So what goes into making one of these bad boys: one 24 ounce beef patty, half a pound of bacon, half a pound of cheese and to complete the combo in gut busting style a large shake and a serving of an another Canadian entrant from this list; poutine.

Luckily this burger is only available in Canada so your resultant trip to the emergency room will at least be free.

 Bacon Explosion – The Bacon Explosion has to be one of the most disgusting food items I have come across in a long time; the sheer volume of meat is quite simply worrying and just the thought of it is making my digestive system recoil in horror even as I type.

 So what is a Bacon Explosion, well it turns out that it is not as the name suggests a pig packed full of dynamite, so here is a quick run down:

Multiple strips of bacon are lovingly woven into a fatty, greasy mesh, onto which ground sausage meat is dumped before more cooked and crumbled bacon is sprinkled on top and the whole thing is rolled up into a big cigar full of porky goodness.

As always I have saved the best until last this bacon behemoth comes in at over 5,000 calories and more than 500 grams of fat – delicious.

Pizza Hut Double roll

According to a friend who has tried it in Tokyo the main selling point of this insult to Italian cuisine was that it had pigs in a blanket baked into the crust on half of the pizza.

If that isn’t enough to tempt you into trying the Double roll then read on….

The other half has cheese rolls for a crust and is liberally topped with mini hamburgers, Italian sausage, ham, bacon, bacon bits, sliced tomato, mushroom, onion, peppers, garlic slices, basil, black pepper and of course marinara sauce.

As if that wasn’t enough culinary goodness for you I am reliably informed that the whole thing can be flavored with maple syrup and ketchup by request.

I don’t know what would make me puke first, the maple syrup and ketchup flavouring or the entire buffet cart they have stuffed into the crust and topped it with.

 Windows 7 whopper – The Windows 7 Whopper was the brainchild of Burger King Japan; it was sold to mark the launch of the newest version of the Windows operating system and featured – yes you guessed it, 7 whopper patties – 7!!! That makes the heart stopping excess of the Quad Stacker seem like a light snack.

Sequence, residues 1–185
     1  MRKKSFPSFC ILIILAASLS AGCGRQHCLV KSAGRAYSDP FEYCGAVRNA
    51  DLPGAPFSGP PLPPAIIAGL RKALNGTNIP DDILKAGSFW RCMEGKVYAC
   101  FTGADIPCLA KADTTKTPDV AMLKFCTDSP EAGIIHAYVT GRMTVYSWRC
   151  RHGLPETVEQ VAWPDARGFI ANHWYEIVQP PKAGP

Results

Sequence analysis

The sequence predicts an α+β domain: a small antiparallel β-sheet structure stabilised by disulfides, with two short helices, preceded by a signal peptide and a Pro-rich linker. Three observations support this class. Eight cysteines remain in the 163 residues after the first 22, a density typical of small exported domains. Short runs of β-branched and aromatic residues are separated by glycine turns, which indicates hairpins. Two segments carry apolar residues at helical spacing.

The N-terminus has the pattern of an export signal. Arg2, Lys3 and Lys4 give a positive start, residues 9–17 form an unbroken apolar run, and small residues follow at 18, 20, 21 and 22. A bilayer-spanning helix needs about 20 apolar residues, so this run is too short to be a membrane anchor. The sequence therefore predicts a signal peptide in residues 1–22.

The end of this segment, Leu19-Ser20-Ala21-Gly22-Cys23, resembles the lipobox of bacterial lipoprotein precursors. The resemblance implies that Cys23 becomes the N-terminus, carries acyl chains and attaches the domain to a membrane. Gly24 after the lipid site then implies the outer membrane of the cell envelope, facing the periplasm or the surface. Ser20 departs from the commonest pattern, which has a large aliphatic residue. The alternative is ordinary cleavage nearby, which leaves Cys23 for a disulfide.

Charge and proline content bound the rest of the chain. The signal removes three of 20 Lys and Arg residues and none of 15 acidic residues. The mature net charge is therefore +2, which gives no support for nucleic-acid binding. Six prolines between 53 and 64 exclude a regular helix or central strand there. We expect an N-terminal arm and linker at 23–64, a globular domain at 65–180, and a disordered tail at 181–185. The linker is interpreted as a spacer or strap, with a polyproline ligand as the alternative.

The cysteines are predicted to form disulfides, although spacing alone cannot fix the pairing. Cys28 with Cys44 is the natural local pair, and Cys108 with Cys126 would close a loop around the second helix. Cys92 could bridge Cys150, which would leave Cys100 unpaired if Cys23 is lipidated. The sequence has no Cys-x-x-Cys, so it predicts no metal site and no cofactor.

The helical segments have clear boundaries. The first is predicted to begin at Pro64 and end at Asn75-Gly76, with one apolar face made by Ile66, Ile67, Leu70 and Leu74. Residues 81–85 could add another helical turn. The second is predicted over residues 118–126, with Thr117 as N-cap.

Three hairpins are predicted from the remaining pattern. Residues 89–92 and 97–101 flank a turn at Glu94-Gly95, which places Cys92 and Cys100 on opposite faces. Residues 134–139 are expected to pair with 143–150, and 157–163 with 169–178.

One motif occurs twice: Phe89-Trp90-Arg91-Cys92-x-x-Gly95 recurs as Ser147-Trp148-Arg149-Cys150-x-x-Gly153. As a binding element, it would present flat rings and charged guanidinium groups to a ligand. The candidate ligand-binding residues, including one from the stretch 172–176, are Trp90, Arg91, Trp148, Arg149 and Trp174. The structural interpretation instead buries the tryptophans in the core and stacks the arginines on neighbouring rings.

The Japanese have long been held up as being paradigms of healthy living and we in the west have been implored to be more like them in terms of diet; obviously the nutritionists didn’t see this particular meat monstrosity.

 Thankfully for the world at large this particularly terrifying crap stack was only available for a short space of time following the launch of Windows 7 but I get the feeling that there is more to come from our friends in the east.





Kofte Kebabs

31 10 2010

 Anyone who has read my recipes before will possibly have noticed that I really do like Greek and Turkish food quit a lot, so much in fact that it is probably a very good thing that both cuisines can be some of the healthiest around.

 Kofte or Kefte or Kofta depending on where you are from are made of ground meat such as lamb that is worked with until it is almost like a paste mixed with herbs and spices and then formed into balls, cigar like sausages or worked around a stick before grilling – delicious 🙂

I happen to be particularly fond of a version that I used to have at a Turkish restaurant back home and that I finally managed to get right after many attempts. Whilst you can use most meats and even fish to make your kofte I find lamb to be the best however I do like a 50/50 mix of lamb and beef as well.

Ingredients:

500 g of ground lamb
1 handfull of parsley (stalks removed)
1 slice of white bread with the crust removed
1 medium red onion
1 garlic clove
1 egg
~12 mint leaves
1/4 tsp cumin powder
1/4 tsp paprika
1/4 tsp black
1/2 tsp salt

Method:

When you buy your minced lamb ask the butcher to mince it twice for you to try and get it as fine and smooth as possibly, if you don’t visit a butcher and don’t have access to a mincer at home then place the mince on a chopping board and using 2 knives try and break it down as much as possible- imagine you are playing the drums!

Very lightly toast your slice of bread and using a food processor turn it into bread crumbs, if you don’t have a food processor then it looks like you will get to work on your drum skills again.

Peel your onion and garlic and dice both as finely as you can, also at this point chop up your parsely and mint leaves finely.

Beat together your egg .

Add all of your dry ingredients to a mixing bowl which has been greased with a little bit of olive oil and give them a rough mix together. Now add in your beaten egg and really mix everything together well, you don’t want any pockets of meat that haven’t been seasoned or any big clumps of breadcrumbs.

Once your mixture is well mixed together cover the bowl with a clingfilm/a teatowel and pop in the fridge for at least 30 mins.